#9 – Research and define your core organic search keywords (Kevin)
#18 – Architect your blog for search – choose targeted categories (Kevin)
#19 – Use SEOmoz campaigns to track your search progress (Christine)
#41 – Link building (ongoing July 20 Christine)
Think of 5 lanes of traffic driving across a bridge. This is your inbound traffic (often paid for) wanting to cross boundaries just to reach you. If your intended destination page isn’t optimized for their specific needs, you may as well knock 2 lanes out of the bridge and let the cars fall into the river. CRO is all about making sure the other side of the bridge leads to optimizeville, where there’s only one thing to do and it’s really obvious how to do it.
#26 – A single purpose and CTA for every page (Kevin)
#34 – Rate your pages with the conversion scorecard (Kevin)
#42 – A/B test your landing pages (Kevin)
#43 – Try a 5 second test (Christine and Kevin)
#47 – Learn from your users using feedback widgets & live chat (Kevin)
#48 – Segment inbound traffic sources(Kevin)
There’s a reason analytics is represented by grey in the wheel. It’s dull. Until you get it right that is. Analytics contain so much hidden awesomeness, that when you get it hooked up everything else becomes much easier – including getting buy-in from management to do “fancy-pants” things like CRO above.
#10 – Set up a Google Analytics account (Done: July 1)
#11 – Establish conversion goals and funnels (Done: July 1)
#12 – Annotate important events in Google Analytics (Kevin)
#20 – Add custom reports to your Google Analytics dashboard (Kevin)
#35 – Discover under-performing areas of your site (Kevin)
Content isn’t king anymore – it’s more like the emperor. Content is the start, middle and end of your online marketing story and is critical to virtually everything you do. By the end of this course you’ll be writing on your corporate blog, guest blogging, writing eBooks, getting your publishing schedule organized with an editorial calendar and even attempting the mighty infographic.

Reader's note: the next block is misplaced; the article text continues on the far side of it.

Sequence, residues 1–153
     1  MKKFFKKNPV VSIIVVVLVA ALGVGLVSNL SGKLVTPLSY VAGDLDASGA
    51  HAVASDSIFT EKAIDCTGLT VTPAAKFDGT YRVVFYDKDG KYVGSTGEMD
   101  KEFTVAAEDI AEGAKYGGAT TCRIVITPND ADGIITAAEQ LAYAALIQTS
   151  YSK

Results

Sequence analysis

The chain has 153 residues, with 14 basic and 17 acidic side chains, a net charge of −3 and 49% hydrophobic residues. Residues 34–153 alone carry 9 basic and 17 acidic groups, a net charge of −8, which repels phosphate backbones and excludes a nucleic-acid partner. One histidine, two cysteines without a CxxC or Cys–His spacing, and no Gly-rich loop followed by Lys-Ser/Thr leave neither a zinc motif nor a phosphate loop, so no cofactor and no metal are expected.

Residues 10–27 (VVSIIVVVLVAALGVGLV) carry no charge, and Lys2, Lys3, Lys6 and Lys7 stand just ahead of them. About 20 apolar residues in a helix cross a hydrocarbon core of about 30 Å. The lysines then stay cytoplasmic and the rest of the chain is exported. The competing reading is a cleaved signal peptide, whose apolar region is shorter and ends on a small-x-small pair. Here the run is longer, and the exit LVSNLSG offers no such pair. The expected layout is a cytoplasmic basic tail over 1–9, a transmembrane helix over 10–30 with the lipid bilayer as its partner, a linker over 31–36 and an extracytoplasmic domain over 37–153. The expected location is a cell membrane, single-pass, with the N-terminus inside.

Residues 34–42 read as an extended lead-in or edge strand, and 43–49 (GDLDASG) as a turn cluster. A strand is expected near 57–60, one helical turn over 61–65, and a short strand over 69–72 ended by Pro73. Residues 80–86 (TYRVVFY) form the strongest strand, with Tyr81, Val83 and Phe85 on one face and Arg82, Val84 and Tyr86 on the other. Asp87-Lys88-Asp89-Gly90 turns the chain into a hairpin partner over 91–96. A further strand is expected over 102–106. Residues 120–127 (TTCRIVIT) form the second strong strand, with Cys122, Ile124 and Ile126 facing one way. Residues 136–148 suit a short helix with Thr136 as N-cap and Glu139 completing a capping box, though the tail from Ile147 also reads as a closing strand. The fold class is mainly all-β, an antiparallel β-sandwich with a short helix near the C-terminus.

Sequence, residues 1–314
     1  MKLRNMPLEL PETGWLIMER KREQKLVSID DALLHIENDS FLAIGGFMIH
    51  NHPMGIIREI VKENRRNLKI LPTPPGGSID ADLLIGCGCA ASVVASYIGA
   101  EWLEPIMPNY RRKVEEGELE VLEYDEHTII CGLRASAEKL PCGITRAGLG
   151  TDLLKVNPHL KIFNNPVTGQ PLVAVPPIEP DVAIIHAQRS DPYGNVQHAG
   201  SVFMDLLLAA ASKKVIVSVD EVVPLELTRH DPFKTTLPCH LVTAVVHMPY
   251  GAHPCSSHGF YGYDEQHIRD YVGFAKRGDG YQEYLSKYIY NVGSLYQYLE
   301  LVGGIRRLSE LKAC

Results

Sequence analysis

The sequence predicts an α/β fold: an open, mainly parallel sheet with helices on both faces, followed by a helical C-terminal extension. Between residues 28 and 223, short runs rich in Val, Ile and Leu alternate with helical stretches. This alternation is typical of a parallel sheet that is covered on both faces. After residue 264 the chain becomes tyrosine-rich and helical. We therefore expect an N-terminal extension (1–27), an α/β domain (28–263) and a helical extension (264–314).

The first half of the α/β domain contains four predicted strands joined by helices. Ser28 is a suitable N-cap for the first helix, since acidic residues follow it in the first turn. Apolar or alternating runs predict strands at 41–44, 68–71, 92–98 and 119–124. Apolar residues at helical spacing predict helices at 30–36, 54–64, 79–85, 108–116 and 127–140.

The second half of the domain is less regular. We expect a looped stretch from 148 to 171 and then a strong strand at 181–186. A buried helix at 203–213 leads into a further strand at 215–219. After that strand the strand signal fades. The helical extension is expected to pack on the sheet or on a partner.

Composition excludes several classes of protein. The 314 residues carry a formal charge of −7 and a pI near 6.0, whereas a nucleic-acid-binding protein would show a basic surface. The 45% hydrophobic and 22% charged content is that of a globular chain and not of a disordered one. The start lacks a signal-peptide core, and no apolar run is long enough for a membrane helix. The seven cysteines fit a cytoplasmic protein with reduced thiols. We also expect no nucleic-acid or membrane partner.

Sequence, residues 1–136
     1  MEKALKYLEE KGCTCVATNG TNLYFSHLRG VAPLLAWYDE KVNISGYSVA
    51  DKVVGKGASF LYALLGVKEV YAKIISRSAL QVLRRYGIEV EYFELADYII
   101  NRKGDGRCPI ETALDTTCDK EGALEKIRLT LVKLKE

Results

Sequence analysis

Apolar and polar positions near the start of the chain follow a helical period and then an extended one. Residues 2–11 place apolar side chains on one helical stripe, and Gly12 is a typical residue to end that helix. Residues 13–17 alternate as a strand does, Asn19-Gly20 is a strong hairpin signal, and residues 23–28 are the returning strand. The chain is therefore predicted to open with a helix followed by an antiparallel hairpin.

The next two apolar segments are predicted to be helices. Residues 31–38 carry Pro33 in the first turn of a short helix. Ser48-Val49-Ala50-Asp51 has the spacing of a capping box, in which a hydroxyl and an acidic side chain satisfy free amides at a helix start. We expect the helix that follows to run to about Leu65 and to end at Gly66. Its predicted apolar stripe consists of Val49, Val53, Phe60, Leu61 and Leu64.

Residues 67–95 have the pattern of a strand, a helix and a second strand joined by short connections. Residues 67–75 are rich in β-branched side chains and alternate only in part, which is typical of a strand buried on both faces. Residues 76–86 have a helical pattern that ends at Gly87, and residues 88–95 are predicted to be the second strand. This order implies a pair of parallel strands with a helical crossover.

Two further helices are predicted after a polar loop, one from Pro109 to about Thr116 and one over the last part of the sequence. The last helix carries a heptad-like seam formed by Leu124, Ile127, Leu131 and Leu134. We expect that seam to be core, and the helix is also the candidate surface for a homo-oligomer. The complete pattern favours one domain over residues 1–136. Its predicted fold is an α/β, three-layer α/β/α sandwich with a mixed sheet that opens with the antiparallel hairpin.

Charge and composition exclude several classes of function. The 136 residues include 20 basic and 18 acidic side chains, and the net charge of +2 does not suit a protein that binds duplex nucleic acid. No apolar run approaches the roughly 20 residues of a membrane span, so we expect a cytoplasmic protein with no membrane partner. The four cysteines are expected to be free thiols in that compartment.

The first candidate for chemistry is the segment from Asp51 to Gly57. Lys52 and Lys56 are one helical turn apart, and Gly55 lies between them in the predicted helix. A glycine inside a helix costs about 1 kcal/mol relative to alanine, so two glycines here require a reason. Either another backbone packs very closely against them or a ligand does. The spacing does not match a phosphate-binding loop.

#13 – Start a corporate blog & give your knowledge away for free (started Aug 1)
#14 – Submit your content to social hubs (Christine)
#15 – Bookmark your content on delicious (done: July 20)
#21 – Set up an editorial calendar (Christine)
#22 – Enable social sharing mechanisms (Kevin)
#27 – Write an ebook (not doing it)
#36 – Write guest posts for other blogs (not doing )
#44 – Write about others to build relationships (not doing)
#49 – Create an infographic (not doing it)
PPC is the fastest way to get instant traffic to your site. However, it’s hard to do well, so we’ll wait until month 3 to tackle it. The majority of Google’s AdWords users go bust on their free $100 voucher with nothing but a sour taste in their mouths. I’ll give you some tips on doing it right and a back up plan for letting the experts take over if you can’t figure it out.
#28 – Create a Google AdWords account (done June 29)
#29 – Send traffic to landing pages – not your homepage! (Kevin)
#37 – One landing page per ad group (Christine & Kevin)
#38 – Improve message match for a high quality score (Christine & Kevin)
#50 – Get some help from a PPC expert (not doing it)